Mestrado em Desenvolvimento InternacionalR$ 39.190,00
Questões como ajuda, dívida, investimento estrangeiro direto, comércio e integração financeira são temas-chave deste Mestrado em Desenvolvimento Internacional.
- You will be taught methods of analysing possible economic effects of aid, in particular on public expenditure, investment and growth; possible social and political effects of aid, in particular on poverty eradication, welfare, corruption and good governance; and the underlying theories of development governing financial assistance by the World Bank and International Monetary Fund.
- Every year a few students from this programme may be selected to collaborate with major development organisations including DFiD and Oxfam as part of their MSc dissertation.
- You will be encouraged to attend our annual series of practitioners’ talks and annual Economics seminar series.
- The programme is offered by the Centre for Development Studies, a leading institution in the UK for postgraduate study and research in the area of economic development.
- Economics in the Business School at Glasgow is ranked in the top 10% worldwide in the fields of central banking, economics of strategic management, European economics, efficiency and productivity, international finance, international trade, macroeconomics, monetary economics, open macroeconomics, public economics, and transition economics; we are ranked in the top 25% of institutions worldwide in economics research.
Teaching is based on formal lectures which also allow opportunities for class discussion. Some courses also involve lab sessions with students using specialised software, for instance in the study of econometrics.
The programme consists of four compulsory and three optional courses. MSc candidates also write a 12,000-15,000 word dissertation.
- Aid and development
- International trade
- The IMF, World Bank and economic growth
- Research methods and dissertation training.
- Basic econometrics
- Development policy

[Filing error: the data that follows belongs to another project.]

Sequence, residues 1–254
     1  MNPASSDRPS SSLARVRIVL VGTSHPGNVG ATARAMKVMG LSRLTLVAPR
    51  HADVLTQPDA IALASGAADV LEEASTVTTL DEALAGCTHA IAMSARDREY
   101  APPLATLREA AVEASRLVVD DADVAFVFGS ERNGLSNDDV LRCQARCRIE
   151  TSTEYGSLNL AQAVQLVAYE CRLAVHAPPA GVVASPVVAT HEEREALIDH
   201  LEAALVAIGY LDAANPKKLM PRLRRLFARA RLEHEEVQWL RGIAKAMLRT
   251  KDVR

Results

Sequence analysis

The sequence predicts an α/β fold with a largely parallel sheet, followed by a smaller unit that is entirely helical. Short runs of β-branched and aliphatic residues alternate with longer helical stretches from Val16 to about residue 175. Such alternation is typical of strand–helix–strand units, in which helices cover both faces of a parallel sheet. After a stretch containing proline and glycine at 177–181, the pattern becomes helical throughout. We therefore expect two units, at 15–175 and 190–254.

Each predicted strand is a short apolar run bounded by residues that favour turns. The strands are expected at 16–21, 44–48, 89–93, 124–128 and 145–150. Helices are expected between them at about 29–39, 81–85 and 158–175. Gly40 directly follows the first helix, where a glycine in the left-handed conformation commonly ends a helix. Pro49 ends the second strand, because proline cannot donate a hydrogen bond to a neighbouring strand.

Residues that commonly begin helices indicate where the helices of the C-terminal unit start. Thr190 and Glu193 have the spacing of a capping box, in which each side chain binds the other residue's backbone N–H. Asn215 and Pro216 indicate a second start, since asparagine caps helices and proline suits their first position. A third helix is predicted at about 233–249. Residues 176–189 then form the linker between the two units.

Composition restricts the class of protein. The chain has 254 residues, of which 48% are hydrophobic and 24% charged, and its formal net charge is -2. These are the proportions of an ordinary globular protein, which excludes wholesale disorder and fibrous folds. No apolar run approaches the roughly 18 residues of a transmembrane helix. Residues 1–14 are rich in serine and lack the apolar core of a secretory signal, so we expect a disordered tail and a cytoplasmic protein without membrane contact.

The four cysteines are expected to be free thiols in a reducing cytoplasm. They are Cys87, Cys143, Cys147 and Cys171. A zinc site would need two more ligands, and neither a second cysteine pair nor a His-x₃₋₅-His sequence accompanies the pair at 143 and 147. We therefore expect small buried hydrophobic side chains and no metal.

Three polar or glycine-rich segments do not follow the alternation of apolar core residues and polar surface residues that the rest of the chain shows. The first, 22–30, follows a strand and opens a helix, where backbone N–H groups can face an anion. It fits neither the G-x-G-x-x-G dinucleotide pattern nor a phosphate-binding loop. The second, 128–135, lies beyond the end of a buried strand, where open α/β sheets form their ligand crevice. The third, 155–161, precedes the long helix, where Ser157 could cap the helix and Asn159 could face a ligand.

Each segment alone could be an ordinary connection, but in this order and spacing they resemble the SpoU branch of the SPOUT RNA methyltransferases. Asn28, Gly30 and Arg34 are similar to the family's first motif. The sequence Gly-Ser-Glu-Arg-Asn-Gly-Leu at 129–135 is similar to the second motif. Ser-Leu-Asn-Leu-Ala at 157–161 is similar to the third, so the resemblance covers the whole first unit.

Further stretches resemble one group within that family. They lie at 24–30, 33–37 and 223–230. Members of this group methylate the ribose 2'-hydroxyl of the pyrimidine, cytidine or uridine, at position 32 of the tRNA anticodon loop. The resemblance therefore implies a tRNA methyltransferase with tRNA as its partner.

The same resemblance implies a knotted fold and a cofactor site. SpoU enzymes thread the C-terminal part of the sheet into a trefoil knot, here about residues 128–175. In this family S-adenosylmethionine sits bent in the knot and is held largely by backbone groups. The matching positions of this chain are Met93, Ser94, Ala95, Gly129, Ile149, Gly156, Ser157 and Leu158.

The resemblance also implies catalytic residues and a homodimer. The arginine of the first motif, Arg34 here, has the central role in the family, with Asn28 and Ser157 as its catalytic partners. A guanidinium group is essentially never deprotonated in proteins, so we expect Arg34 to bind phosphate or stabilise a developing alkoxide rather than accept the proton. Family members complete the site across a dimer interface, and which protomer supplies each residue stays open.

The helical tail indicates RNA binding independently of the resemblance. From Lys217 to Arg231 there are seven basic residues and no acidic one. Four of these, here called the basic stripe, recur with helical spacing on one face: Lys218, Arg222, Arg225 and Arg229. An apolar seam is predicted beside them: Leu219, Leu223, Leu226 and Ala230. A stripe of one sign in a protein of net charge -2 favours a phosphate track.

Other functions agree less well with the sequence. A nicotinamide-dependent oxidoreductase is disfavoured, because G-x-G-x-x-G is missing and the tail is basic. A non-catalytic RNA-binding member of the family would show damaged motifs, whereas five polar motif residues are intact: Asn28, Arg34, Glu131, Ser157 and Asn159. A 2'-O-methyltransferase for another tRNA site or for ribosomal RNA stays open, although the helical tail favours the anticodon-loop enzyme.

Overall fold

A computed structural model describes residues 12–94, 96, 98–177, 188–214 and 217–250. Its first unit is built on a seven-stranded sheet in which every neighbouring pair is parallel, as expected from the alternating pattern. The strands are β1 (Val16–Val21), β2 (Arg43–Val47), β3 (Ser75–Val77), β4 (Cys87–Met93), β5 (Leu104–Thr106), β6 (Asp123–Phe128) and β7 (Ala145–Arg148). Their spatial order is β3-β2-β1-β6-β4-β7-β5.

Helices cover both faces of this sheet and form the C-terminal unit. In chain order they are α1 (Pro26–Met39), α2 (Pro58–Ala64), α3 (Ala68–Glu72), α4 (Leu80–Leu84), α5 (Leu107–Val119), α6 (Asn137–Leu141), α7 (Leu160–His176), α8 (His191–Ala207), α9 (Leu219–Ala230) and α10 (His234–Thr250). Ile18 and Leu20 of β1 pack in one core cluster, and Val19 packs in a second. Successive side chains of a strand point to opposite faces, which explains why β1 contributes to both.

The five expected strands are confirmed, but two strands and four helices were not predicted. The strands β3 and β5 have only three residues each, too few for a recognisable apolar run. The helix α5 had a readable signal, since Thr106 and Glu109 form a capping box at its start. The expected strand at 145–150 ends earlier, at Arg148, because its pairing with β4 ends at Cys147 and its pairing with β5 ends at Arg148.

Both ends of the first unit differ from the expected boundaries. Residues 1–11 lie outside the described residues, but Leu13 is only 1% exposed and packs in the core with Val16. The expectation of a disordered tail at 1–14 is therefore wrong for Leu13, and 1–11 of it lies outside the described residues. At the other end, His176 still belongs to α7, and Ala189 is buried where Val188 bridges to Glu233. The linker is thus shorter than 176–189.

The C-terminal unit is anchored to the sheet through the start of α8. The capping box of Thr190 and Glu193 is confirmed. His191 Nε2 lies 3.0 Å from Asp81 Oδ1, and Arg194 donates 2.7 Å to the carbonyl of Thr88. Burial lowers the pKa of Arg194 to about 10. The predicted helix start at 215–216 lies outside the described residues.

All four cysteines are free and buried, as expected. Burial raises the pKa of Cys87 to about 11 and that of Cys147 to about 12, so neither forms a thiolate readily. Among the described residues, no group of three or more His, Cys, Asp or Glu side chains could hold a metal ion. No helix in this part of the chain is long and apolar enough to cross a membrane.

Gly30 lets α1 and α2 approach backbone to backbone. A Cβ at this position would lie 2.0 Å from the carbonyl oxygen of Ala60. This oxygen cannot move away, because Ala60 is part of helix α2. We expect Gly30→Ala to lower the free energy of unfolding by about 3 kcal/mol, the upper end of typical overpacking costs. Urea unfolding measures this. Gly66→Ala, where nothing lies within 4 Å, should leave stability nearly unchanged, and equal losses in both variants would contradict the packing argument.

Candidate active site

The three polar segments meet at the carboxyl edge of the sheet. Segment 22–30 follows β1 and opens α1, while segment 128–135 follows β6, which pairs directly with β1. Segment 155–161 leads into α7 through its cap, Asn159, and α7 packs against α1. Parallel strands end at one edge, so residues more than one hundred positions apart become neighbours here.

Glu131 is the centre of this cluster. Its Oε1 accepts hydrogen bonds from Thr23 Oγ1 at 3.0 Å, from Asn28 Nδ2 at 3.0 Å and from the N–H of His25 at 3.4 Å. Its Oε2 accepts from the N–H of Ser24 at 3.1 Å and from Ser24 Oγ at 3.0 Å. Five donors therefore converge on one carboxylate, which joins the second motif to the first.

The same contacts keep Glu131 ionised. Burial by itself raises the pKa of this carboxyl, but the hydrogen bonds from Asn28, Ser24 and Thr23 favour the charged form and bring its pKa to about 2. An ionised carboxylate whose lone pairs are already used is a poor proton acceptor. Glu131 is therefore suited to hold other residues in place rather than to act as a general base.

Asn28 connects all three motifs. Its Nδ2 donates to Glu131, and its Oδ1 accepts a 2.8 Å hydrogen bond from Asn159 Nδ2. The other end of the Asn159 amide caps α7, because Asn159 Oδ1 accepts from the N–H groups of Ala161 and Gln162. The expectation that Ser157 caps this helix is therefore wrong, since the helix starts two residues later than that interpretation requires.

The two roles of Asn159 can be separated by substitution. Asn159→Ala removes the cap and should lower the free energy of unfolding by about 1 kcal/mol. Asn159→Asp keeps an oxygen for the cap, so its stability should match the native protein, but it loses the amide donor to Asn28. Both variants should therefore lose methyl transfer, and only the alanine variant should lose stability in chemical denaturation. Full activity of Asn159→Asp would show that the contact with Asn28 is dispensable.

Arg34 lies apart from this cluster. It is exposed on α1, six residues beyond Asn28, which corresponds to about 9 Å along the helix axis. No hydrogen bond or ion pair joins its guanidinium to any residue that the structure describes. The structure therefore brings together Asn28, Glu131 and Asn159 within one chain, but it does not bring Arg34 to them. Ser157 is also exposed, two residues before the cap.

- Financial institutions and markets in developing countries
- Foreign direct investment and development
- Growth and development
- Policies for sustainability and development
- Project planning, appraisal and implementation
- Theory and principles of sustainability
- The economics of inequality and deprivation.
Optional courses are also offered in Politics and Central and East European Studies.
This programme addresses the needs of practitioners who advise on policies and take an active role in international development projects, as well as the needs of students who wish to undertake research in the field of international development by providing them with the necessary analytical toolkit.
Entry requirements for postgraduate taught programmes are a 2.1 Honours degree or non-UK equivalent qualification (for example, GPA 3.0 or above) in economics or in a relevant subject containing a significant amount of economics.
Those who do not have such a background but intend to pursue further studies in the area of development are advised to apply for the MSc Europe & International Development or the MSc Development Studies depending on their interests.
If your first language is not English, the University sets a minimum English Language proficiency level.
The Dissertation Training and Research Methods course, delivered during semesters 1 and 2, helps to prepare you for writing a dissertation. Towards the end of the second semester, you will choose a dissertation topic and produce a proposal. An academic supervisor is then allocated on the basis of your chosen topic. You will produce your dissertation between June and August and submit it at the beginning of September.
- Resources for learning and teaching
The University library contains a comprehensive collection of books and journals, particularly in electronic format, including access to electronic datasets. You will also have access to a dedicated library holding much of the material used in lectures. In addition, the University library hosts a Support for Economics section. You will have access to the Common Student Computing Environment which includes your email account and networked storage space for your files. All around the campus there are computer clusters containing networked PCs as well as a growing number of wireless network access points to allow you to work in any number of locations.
Courses are assessed by a combination of in-course assignments or exams and an end-of-course exam. In-course assessment contributes 25% of the final mark unless otherwise specified in the course documentation. Progression to the dissertation stage of the MSc is permitted only for those students who reach the required standard in the examinations for the taught courses. Full details of the scheme of assessment are provided to students on arrival.